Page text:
Joysticks increase safety and reliability while reducing weight

  • 24-Jul-2014 04:37 EDT

Software lets Danfoss joysticks perform differently for different tasks.

Joysticks are evolving rapidly, improving ergonomics to help improve operator efficiency and increase safety and reliability. The controllers are helping increase safety and linking to networks to simplify wiring harnesses to reduce weight.

“More degrees of freedom of joystick handling are being offered in a single joystick,” said Kirk Lola, Business Development Manager at Parker Hannifin’s Electronic Controls Division. “Offering four degrees of freedom in a single medium-handle joystick improves operator efficiency by allowing more functions to be controlled without the operator having to remove their hand from the joystick.”

A key way to enhance operator productivity is to reduce fatigue by reducing the amount of movement necessary to accomplish tasks. Software is a major contributor in this trend. Programmers are now altering the degree of movement with software that adjusts to the task being performed. Operators have more precise control at some times and more speed at others, for example.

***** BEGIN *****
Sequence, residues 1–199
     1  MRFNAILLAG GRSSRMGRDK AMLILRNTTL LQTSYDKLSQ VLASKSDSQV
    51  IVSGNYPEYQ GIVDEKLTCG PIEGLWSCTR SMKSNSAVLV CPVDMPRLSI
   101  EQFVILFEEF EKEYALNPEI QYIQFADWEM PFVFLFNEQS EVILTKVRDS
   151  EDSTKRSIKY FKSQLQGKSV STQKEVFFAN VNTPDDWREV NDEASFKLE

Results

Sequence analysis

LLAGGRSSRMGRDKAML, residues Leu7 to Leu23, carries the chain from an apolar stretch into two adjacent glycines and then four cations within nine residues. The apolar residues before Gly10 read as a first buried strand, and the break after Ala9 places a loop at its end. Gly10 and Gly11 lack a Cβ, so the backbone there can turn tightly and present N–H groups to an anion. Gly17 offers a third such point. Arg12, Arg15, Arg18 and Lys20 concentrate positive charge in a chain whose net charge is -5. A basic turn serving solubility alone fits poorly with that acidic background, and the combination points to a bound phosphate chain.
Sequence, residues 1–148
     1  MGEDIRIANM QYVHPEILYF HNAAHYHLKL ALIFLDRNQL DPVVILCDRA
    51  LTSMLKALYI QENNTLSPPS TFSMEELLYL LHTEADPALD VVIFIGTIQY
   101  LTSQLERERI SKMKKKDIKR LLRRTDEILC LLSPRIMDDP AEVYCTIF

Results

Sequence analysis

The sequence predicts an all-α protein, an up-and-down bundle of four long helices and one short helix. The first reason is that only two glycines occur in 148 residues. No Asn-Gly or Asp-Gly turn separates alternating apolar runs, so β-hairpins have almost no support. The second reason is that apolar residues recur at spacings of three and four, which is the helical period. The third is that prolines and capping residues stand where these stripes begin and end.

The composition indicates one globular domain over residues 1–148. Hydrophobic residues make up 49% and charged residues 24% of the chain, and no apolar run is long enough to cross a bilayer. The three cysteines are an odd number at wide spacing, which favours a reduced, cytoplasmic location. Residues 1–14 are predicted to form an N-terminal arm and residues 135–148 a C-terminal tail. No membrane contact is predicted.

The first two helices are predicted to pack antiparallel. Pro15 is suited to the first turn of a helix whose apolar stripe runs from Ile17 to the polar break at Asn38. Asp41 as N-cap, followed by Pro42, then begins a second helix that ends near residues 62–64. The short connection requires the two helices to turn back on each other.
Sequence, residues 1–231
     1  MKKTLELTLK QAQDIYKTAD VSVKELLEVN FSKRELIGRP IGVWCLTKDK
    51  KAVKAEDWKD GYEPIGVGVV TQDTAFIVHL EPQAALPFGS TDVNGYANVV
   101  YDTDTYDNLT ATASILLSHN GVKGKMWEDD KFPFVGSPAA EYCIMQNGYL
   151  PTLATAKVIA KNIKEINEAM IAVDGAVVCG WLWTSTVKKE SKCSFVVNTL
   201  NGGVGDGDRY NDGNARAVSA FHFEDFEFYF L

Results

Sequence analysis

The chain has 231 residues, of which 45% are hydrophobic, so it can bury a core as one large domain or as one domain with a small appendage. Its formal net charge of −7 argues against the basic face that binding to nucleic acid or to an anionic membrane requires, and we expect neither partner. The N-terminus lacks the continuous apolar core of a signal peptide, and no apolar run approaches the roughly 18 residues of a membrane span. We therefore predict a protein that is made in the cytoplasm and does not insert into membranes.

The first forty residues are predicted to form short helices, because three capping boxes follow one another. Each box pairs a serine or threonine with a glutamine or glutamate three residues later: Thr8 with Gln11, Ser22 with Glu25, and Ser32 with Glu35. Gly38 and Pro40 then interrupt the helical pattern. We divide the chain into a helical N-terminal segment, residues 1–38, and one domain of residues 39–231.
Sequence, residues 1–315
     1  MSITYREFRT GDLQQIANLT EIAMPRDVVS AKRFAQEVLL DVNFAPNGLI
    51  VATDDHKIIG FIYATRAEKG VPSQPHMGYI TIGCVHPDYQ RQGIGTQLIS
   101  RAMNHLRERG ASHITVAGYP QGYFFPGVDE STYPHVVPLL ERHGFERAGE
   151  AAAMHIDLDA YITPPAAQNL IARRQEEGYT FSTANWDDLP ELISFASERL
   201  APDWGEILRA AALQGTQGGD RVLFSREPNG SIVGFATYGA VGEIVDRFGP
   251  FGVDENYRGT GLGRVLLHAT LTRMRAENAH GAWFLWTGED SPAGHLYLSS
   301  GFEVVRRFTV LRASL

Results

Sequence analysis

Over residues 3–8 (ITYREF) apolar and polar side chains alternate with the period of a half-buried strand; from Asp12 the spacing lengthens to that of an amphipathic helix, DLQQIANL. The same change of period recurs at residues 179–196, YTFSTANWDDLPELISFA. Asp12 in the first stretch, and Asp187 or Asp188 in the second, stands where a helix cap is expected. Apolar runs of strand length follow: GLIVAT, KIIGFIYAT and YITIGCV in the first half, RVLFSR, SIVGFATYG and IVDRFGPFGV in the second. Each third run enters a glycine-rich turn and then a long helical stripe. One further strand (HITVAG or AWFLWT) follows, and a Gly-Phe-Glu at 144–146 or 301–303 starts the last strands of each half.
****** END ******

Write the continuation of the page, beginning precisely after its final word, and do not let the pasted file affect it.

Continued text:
“We do extensive work with profiles governing how much a joystick moves vs. the command on the output,” said Michael Olson, Engineering Manager, Electronic Components at Danfoss Power Solutions. “For example, say a joystick application requires high sensitivity when the machine first moves, followed by greater command later in operation. We can adjust the profile to make it easier for the operator to feel both the fine and larger movements required by the application.”

The wiring for these manual controls is also changing. The trend to networking is being followed to trim the size of wiring harnesses. However, this design change must often be done in conjunction with enhancements in ruggedization requirements.

“We are seeing a movement to CAN-based switches/ keypads,” said Christopher Kolbe, Sales & Marketing Vice President at HED. “OEMs are looking at ways to reduce wiring and CAN-based switches are perfect. In addition, customers are renting more and more equipment. This equipment get pressure washed frequently so the sealed CAN keypads that are IP69 rated are much more robust.”

Design strategies also focus on the growing need to improve safety. Reducing the potential for failures that can endanger humans or equipment is an important aspect of HMI development. For some, the focus goes beyond reducing failures and ensure that inputs weren’t accidental.

“Many recent advances in joysticks have revolved around safety,” Olson said. “We’re building double redundancy into switches. We sometimes use two different technologies to read the switch to validate that the switch was actually pressed before the function will happen. With double redundancy, even if the joystick gets bumped, we can determine whether the hand was in the position it should have been so we know that the movement was intended or unintended.”

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